Raúl Hinojosa-Ojeda is an associate professor in the César E. Chávez Department of Chicana and Chicano Studies at UCLA. He is an expert on immigration and immigrants in the United States with a focus on labor markets who has conducted research on the economic effects of the Deferred Action for Childhood Arrivals program and attended rallies protesting the recent announcement from the federal government that the program would end in six months.

In this interview, which has been edited for clarity, he explains how immigration benefits the economy, clarifies misconceptions about DACA and makes the case for comprehensive immigration reform.

An executive order enacted in June 2012 under Barack Obama, DACA granted some people who entered the United States undocumented as children the ability to hold employment and not fear immediate deportation for two-year renewable periods. Los Angeles County is home to half of California’s 260,000 DACA recipients. To be eligible for DACA people had to have come to the United States before 2007, and have been 15 or younger when they arrived and younger than 31 when DACA was created. Additionally to qualify, people had to be in high school or have a diploma (or equivalent) and also had to have a nearly spotless criminal record.

This week President Donald Trump, Sen. Chuck Schumer (D-NY) and U.S. Rep. Nancy Pelosi (D-CA) discussed ensuring legal protections for undocumented immigrants who are eligible for DACA as part of a broader immigration agreement.

What is the impact of eliminating DACA?

Over a 40-year period, people eligible for DACA — having gone to school and entered the workforce — will produce $3.6 trillion of economic activity for the United States. This is given their educational structure, where their educational structure will be if we let them complete their education, and the types of jobs they are likely to get and the type of economic activity they’re likely to produce as a result.

If you deport them, not only will you give up this $3.6 trillion that they’ll produce over time but there will be an immediate hit on the economy. You will basically shrink the labor force and therefore shrink the size of the economy. This means the GDP as a whole goes down and if the GDP per capita goes down, we literally become poorer immediately.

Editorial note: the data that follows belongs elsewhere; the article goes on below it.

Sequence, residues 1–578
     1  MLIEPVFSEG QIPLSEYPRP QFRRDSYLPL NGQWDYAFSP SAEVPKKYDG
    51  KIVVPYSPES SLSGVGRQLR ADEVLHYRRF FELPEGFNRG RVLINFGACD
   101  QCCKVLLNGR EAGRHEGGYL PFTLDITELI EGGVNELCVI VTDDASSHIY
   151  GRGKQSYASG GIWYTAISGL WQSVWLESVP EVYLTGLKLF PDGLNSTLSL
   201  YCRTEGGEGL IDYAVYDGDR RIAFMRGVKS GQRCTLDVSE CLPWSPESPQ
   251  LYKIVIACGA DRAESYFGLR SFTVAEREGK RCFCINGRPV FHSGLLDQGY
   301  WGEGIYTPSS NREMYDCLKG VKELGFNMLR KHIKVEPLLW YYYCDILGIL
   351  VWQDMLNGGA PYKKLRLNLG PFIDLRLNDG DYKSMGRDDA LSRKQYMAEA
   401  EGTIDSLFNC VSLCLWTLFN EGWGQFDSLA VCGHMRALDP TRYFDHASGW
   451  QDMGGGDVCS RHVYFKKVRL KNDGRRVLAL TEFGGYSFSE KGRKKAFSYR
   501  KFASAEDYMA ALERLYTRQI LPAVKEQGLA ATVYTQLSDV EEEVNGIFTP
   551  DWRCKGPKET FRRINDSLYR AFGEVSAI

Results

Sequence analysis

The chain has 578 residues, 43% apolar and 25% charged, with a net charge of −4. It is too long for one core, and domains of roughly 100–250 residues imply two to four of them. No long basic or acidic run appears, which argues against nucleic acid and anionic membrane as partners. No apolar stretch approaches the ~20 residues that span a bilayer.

In addition to harming the economy by rescinding DACA, we’re bankrupting the soul of the country. Can you imagine the United States turning its back on kids who have grown up in our neighborhoods, in our schools? We’ve already paid for their education. Something like this has never happened in this country.

What misconceptions do people have about DACA and its recipients?

One of the biggest misconceptions is that undocumented people and DACA recipients take away jobs. The vast amount of research shows that immigrants, and particularly the high-skilled DACA recipients, add significantly to the economy, expand the amount of economic activity and expand the total amount of employment. They expand the pie. If you’re baking a pie and adding a greater volume of ingredients, the pie will be bigger. In other words, the economic benefit for society by having these people here is much higher than by taking them out.

What we know about immigrants, particularly unskilled immigrants, is that they complement the skill sets of other workers, and that skilled immigrants allow the United States to expand the industries in which they operate. There is a fundamental misconception that by kicking people out, you are going to create more jobs. You’re not. By kicking people out you’re going to make the economy smaller.

Why haven’t DACA recipients just worked to get legal status in the United States?

The way it works is that, especially if you’re brought here as a kid, there is no pathway. There is no effort you can make to become legal. The American government should create a pathway for that, but if you were brought here as an undocumented kid there is nothing you can do. There is no pathway to citizenship unless your parents become citizens somehow, which is very difficult, or you marry an American citizen. The only way that could happen is they leave the country, grow up and apply.